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A rally in the stock market and a sell-off in Govies where the 10-year Treasury yield flirted with 2.60% for the first time since March of 2017 hit the municipal market hard this week.

The dynamic of minuscule supply thus far in January versus the largest December in nearly 30 years underscores the odd dynamic market participants are currently dealing with (see chart below on Visible supply). Last week saw just more than $1 billion in competitive supply and only a single negotiated deal more than $100 million. This is very atypical for a January and would suggest strong performance (especially given the historical precedent of strong January performance).

However, secondary bids-wanteds were very telling with several days last week over the $1 billion mark, and perhaps what was most interesting is what was being sold. We noted a lot of short-call structures (tax reform) along with a lot of selling in the intermediate range. This is an item we’ve discussed for some time now as tax reform changes will have a broader impact on the intermediate part of the curve but benefit the ever growing separately managed account (SMA) space.

The market saw more than $1 billion in inflows to mutual funds, according to Lipper. Funds are a lagging indicator. We do not expect funds to see this type of interest after the result of this past week are made more clear and performance is reported.

Bloomberg data shows only 6 states with projected positive supply outlook over the next 30 days. This would suggest performance should improve next week, especially given the Lipper figure.

Direct evidence of market challenges this past week was a benchmark-influencing triple-A rated Fairfax County, Virginia competitive deal that was trading out of the gates on Wednesday 10-basis points weaker than originals. Massachusetts GO did not fare much better with similar cuts and challenges with its 5% coupons.

This is not a knock on these credits whatsoever but an indication of dealer response to the current market uncertainty/volatility along with the massive amount of bids-wanteds noted above.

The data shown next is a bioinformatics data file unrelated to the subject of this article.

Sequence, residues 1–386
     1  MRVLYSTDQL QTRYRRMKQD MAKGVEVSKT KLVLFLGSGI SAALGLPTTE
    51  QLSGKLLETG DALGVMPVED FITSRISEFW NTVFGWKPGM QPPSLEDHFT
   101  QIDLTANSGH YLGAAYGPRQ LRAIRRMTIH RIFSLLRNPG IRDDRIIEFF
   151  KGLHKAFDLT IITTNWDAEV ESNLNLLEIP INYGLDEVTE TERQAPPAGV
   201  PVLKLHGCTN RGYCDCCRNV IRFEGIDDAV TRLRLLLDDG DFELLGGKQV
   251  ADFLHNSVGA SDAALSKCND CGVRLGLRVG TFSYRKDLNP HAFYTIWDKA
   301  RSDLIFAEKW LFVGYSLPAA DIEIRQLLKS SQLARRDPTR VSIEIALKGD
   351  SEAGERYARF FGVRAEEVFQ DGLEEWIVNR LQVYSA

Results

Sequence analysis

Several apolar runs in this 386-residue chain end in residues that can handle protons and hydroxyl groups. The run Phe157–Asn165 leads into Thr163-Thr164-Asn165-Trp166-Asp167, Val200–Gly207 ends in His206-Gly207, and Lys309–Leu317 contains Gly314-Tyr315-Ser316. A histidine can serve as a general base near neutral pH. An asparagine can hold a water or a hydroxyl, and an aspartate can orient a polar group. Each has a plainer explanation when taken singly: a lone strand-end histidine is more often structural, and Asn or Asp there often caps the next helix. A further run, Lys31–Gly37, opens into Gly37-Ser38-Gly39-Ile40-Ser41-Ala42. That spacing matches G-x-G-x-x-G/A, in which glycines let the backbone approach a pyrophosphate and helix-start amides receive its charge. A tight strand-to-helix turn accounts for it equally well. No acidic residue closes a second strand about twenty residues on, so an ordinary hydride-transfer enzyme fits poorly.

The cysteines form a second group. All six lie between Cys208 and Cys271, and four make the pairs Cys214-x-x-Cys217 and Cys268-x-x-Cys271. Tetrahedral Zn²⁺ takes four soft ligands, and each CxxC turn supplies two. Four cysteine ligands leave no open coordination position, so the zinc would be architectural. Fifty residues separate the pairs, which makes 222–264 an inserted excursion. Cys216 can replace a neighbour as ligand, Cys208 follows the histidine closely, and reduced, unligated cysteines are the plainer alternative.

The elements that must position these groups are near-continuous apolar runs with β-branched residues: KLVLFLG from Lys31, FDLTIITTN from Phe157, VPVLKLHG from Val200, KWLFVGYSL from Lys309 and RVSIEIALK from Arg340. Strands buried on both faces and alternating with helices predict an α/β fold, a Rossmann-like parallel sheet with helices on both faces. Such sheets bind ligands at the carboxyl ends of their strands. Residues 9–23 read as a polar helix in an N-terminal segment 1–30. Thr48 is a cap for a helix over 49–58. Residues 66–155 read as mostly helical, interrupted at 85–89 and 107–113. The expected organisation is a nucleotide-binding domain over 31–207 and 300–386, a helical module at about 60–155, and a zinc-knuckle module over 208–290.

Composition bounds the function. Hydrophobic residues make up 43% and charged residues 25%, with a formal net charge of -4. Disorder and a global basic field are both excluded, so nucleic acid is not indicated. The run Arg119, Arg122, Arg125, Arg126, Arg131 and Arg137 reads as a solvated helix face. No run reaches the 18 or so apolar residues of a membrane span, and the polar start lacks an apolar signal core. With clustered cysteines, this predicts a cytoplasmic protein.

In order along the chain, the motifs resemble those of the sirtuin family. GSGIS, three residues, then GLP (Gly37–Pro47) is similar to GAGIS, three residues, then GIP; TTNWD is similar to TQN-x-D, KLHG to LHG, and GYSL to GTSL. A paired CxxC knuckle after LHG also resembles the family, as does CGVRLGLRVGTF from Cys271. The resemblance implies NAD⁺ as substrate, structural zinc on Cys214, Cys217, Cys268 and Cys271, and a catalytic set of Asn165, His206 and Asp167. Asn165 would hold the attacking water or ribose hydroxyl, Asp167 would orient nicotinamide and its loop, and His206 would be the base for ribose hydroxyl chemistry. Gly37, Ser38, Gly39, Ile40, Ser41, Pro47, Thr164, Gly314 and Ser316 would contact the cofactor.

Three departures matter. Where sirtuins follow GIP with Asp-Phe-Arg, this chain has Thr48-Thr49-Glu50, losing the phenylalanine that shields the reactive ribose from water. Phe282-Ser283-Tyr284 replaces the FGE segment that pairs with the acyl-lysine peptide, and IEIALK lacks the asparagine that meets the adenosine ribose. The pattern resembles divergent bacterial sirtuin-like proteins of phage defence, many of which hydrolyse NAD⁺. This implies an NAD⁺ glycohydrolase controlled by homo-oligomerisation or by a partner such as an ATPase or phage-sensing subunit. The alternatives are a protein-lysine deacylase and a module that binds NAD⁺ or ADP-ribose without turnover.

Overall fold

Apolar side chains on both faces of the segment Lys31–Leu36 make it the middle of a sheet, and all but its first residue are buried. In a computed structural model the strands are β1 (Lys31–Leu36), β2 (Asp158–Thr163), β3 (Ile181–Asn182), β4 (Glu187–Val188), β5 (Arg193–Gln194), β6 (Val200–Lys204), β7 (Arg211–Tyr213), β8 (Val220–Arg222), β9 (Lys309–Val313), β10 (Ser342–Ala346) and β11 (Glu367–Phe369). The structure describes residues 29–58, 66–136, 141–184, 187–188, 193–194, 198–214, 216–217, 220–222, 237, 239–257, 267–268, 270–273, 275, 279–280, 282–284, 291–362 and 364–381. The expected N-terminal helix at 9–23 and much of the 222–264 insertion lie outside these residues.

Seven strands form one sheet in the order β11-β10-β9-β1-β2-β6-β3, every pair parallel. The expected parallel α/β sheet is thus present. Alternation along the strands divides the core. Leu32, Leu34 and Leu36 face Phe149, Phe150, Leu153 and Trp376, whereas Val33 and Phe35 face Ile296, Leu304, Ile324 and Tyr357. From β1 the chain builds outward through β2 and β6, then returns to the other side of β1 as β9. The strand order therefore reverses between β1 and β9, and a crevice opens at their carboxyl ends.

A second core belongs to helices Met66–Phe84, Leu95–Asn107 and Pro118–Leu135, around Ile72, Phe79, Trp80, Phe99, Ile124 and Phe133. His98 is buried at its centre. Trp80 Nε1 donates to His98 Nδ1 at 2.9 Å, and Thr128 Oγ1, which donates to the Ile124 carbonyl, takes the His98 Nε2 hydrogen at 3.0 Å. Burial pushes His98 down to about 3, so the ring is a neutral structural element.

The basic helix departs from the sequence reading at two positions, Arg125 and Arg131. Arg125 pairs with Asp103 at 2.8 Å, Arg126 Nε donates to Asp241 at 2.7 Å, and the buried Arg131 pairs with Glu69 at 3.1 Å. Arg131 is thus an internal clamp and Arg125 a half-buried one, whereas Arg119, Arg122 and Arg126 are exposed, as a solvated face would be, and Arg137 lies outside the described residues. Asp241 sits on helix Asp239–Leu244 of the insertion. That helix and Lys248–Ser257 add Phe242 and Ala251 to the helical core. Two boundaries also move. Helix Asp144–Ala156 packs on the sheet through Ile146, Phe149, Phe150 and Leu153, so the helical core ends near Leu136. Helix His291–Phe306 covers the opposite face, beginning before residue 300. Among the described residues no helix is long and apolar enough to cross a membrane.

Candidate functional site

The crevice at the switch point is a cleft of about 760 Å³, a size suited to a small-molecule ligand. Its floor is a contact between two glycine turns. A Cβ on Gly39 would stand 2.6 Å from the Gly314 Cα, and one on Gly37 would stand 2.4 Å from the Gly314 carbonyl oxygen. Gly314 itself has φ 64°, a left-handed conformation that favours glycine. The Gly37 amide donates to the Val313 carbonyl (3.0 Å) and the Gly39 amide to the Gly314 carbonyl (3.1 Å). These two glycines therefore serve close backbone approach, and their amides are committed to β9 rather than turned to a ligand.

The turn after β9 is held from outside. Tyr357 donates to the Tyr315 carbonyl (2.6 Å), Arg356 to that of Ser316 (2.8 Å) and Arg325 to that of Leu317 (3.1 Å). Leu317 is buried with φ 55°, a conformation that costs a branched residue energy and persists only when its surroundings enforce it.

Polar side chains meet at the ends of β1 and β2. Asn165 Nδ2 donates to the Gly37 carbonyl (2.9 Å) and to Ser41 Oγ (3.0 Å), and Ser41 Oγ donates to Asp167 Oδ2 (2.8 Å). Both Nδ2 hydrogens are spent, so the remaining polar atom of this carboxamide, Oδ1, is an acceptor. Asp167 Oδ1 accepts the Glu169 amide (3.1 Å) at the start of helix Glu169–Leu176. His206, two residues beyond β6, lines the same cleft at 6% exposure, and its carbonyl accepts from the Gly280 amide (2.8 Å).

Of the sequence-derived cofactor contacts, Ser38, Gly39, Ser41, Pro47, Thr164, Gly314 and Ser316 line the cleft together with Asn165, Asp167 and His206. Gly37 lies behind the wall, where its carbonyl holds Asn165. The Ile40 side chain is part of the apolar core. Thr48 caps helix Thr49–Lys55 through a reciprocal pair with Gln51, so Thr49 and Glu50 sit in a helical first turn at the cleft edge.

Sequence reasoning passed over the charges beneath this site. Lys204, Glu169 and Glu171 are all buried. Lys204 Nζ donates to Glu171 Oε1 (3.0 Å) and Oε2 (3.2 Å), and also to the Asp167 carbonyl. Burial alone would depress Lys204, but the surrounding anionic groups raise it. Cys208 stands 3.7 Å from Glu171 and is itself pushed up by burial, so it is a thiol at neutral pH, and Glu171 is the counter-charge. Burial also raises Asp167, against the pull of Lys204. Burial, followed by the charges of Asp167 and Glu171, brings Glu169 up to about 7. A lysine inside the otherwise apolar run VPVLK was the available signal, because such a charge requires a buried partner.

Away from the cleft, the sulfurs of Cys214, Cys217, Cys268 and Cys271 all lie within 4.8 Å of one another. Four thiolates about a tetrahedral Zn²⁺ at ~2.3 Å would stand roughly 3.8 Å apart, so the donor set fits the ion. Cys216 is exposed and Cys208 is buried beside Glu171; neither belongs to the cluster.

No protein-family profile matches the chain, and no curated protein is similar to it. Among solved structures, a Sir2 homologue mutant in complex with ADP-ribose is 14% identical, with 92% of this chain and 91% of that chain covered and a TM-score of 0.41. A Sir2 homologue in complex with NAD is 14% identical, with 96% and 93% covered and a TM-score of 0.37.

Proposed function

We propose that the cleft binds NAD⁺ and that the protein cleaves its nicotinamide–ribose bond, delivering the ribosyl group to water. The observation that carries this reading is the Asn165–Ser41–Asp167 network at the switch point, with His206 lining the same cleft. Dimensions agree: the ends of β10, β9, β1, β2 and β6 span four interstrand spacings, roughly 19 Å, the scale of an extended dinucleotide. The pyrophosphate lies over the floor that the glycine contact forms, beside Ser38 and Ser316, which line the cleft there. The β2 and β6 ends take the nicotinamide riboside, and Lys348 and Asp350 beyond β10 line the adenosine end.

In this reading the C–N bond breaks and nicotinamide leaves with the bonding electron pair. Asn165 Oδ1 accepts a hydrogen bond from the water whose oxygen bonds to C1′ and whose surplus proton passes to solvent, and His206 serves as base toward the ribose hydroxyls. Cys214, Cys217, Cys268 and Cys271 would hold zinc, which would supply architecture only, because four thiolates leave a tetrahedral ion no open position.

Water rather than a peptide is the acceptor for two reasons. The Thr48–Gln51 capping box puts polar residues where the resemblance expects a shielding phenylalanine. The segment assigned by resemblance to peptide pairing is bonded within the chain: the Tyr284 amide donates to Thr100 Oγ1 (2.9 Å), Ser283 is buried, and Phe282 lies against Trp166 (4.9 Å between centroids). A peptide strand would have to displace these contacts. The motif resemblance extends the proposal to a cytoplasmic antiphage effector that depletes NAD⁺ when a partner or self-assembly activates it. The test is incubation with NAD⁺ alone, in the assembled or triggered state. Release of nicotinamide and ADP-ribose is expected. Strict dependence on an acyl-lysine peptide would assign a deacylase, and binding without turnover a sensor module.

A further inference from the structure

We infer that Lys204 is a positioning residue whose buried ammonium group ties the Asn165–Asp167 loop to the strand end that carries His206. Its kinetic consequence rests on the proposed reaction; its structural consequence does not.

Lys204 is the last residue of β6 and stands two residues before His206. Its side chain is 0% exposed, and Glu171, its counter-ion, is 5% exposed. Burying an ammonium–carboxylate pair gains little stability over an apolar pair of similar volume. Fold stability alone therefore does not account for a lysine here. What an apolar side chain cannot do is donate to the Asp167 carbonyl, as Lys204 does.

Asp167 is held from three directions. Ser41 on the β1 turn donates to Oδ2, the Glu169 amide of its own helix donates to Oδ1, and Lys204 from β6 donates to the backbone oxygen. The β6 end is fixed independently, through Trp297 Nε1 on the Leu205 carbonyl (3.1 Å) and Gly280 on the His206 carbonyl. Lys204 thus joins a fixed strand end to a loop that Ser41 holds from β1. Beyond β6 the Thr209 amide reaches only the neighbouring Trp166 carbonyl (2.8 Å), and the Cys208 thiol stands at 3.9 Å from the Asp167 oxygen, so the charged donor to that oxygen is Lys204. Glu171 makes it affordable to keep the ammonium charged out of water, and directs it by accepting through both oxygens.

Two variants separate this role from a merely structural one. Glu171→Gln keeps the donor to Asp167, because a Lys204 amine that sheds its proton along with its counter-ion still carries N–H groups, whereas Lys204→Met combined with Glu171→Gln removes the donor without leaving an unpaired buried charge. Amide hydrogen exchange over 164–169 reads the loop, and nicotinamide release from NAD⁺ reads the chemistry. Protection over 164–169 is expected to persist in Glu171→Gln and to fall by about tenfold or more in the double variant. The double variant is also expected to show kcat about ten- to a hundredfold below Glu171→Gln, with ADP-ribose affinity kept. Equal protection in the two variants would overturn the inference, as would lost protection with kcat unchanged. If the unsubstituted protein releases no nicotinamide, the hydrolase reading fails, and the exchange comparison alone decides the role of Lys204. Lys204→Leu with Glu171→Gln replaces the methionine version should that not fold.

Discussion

See disclaimer on new deals below.

Moving forward, supply does not look to be increasing in the coming week and we expect continued volatility given:

  • Low supply (which reduces price discovery) and continued limited secondary liquidity;
    Concern about Federal Policy as it pertains to global politics;
  • Headlines about a potential infrastructure bill on the way;
  • The likelihood of daily and then weekly outflows reported after very poor performance this past week; and,
  • Uncertainty regarding the outlook for inflation and Fed policy

Digging Deeper

The muni market got slammed pretty hard last week, as three lagged effects seemed to hit home hard, at the same time. The first simply resulted from the fact that not all of the massive $62 billion of new issuance that came to market in December was well placed, and some of it began to leak back into the market this past week. The second, we think, was the beginning of a realization that the demand side of the muni market was not going to be in such good shape under Tax Reform, for reasons we discussed in last week’s Outlook. The third was related to concerns about rates generally, as the yield curve in most sectors finally began to reverse a bit of the curve flattening that had occurred late in 2017.


In the Treasury market, the result was a modest steepening from 2 years on out, with 10- and 30-year paper up 8 and 10 basis points in yield from January 2, while 6-month paper actually rallied very slightly.

So, overall market conditions put pressure on the slope of the curve, and in munis, the other two lagged factors compounded the pressures, so that yields on 10-year paper were up about 10 basis points, and yields on the long end were up as much as 15 basis points. In addition, bids wanted volume was running at around double recent patterns, at over $1 billion daily.


A couple of large institutions apparently concluded that they wanted to get out of the way of potential market pressure, and they added considerably to secondary market offerings. It is also worth noting that historically, most or all of the “January effect” in the muni market was actually discounted by December. This past month was no exception.

Going forward, we expect volatility in the muni market to remain high, and relative yields in comparison with taxable yields to bounce around quite a bit. The result will be that buying opportunities should crop up from time to time that are more pronounced than had been the case, pre-Tax Reform.